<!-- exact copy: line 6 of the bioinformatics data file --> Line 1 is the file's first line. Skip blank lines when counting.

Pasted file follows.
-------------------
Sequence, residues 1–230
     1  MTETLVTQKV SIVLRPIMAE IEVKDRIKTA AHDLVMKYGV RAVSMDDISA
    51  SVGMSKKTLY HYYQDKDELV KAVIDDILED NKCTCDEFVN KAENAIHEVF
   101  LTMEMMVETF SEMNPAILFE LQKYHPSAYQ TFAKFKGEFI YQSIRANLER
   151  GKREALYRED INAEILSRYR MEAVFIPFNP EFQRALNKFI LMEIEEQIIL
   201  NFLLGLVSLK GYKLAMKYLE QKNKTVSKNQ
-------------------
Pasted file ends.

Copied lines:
   201  NFLLGLVSLK GYKLAMKYLE QKNKTVSKNQ